Trust me when I say this, the repair bill for these items is not something you want dropped on your head randomly. On top of all this, overloading your car affects your car's fuel economy and possibly your car's emissions output. Both are things to avoid

Defrosting a windshield with hot water

If you have seen cars with cracked windshields in the winter months then it’s quite likely that this was the cause. Simply put, never defrost your windshield by pouring hot water on it. Sure, it feels like a quick hack but basic science tells you it’s a horrible idea. 

Remember when we learned that a sudden change in temperature makes glass shatter, the same concept applies here. By pouring hot water on ice-cold glass, you are asking for a windshield replacement bill. Take the time to scrape your windshield or use defrosters, but whatever you do, don’t pour hot water on it

Driving fast over speed bumps and hitting potholes

I know I know, it’s not every day that there are proper road signs signaling a speed hump and it’s not all the time that you see the deep pothole in the middle of the road, but when you can, it’s best to approach these car death traps with care. 

It’s always smart to slow down when approaching a speed bump instead of hitting one at 90 miles per hour. The same applies to potholes, avoid them by all means but proceed at very low speeds when you can’t dodge them.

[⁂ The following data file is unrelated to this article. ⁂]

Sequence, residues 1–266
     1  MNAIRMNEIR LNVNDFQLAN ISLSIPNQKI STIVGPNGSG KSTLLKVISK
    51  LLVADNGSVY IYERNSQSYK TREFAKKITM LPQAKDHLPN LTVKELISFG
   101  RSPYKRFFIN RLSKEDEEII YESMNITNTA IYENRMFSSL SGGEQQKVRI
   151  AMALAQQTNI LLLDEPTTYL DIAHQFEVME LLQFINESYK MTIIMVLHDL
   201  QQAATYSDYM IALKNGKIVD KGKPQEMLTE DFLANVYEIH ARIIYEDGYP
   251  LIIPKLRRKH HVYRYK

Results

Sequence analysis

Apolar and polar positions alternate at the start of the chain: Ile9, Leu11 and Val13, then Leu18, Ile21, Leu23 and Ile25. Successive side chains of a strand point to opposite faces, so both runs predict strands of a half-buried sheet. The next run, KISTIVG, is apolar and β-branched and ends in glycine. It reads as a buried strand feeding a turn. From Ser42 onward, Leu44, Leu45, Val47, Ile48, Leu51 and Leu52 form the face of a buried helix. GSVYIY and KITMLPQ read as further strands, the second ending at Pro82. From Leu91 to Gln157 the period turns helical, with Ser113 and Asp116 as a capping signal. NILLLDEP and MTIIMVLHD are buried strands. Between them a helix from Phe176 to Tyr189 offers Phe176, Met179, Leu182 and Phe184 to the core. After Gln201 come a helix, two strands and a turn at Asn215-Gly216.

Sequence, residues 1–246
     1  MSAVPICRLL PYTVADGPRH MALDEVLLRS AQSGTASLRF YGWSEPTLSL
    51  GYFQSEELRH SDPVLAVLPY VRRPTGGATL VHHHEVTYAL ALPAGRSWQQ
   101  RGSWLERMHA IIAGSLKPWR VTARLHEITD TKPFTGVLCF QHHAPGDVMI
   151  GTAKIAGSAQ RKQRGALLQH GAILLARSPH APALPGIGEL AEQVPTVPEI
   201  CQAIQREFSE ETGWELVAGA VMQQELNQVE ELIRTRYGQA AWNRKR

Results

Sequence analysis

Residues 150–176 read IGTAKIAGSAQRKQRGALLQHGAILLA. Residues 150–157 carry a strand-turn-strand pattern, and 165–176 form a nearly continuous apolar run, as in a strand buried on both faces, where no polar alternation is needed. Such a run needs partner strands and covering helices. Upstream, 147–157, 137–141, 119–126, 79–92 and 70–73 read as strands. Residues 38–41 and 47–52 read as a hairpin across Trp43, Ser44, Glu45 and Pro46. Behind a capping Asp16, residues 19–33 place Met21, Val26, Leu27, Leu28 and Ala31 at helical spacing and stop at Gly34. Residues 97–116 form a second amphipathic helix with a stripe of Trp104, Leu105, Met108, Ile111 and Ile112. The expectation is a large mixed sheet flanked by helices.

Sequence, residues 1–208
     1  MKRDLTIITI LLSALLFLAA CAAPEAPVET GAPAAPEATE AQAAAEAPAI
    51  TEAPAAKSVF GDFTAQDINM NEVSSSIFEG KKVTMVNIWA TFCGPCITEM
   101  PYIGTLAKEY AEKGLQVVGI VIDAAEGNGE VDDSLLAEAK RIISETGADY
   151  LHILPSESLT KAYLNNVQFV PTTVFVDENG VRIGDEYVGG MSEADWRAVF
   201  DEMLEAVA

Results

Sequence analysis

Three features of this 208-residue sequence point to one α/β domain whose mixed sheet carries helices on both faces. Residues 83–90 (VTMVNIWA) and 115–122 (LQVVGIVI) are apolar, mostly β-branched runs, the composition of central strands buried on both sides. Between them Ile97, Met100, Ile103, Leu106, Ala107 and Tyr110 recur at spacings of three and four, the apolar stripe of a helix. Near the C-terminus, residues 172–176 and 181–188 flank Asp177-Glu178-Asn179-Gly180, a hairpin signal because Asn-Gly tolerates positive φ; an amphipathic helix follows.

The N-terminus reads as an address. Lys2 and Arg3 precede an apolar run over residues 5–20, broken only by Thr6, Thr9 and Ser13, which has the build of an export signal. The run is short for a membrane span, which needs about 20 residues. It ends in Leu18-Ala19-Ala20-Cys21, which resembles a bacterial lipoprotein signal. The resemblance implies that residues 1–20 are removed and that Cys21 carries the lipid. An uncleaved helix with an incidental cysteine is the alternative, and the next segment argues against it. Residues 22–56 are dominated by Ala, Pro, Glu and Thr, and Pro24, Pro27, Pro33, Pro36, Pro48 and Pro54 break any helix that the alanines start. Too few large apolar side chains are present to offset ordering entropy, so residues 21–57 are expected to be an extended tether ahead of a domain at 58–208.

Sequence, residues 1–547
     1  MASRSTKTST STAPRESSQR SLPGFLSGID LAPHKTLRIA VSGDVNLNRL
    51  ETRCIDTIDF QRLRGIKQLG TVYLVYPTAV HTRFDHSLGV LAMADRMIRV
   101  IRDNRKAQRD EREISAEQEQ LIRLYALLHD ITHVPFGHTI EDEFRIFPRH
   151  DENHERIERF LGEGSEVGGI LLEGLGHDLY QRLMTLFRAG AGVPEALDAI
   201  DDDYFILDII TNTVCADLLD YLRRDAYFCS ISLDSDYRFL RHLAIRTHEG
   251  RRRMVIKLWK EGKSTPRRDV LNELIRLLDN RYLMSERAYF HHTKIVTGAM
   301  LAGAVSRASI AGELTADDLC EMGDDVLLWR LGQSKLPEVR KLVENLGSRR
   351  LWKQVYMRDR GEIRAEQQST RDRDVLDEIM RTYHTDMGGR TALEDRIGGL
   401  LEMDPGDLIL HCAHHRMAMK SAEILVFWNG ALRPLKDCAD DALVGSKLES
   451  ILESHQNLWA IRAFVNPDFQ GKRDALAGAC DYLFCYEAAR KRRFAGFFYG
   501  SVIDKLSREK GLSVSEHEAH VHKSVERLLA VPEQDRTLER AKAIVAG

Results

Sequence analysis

Failure to adhere to this will lead to damaged tires, bent rims, damaged suspension, a need for a new wheel alignment, and many other bill items that will have your wallet emptier by the day. I’m sure you don’t want that.

Hard braking all the time

Everyone knows a driver who can’t seem to bring his vehicle to a stop on time, every time. Instead of keeping a safe distance from obstacles and gently applying the brakes over a calculated distance, they just want to brake hard a few inches away from a wall or car every time. This is a sure way to destroy your car's brake pads as it causes them to wear down aggressively.

This kind of aggressive braking may also lead to brake fluid leakage and cause cracks in the brake hoses. You know what that means…more $$$ to spend on repairs. Sure, certain emergencies might require you to come to emergency stops every so often but it’s not something to make a habit out of. 

Delaying and putting off repairs

Okay, let’s say that you violated one of these rules and you already have a repair bill on your table, what do you do? The normal inclination is to try and put it off but by putting off repairs, you run the high likelihood of those repairs costing you more as the faulty parts may start to damage other parts of the car as well. 

For example, changing a cabin air filter might seem like an unimportant expense, but if it gets so clogged that it stresses your heater fan until it fails, you’re going to have an expensive repair bill. Another common example is how people replace their brake pads too late and then are faced with the challenge of replacing damaged brake rotors too. 

Look, it’s tempting to save a dollar or two, but when it comes to your car, don’t be cheap. If that is not enough, think of the safety implications the next time you drive your family on a trip with a car that’s due for some repairs.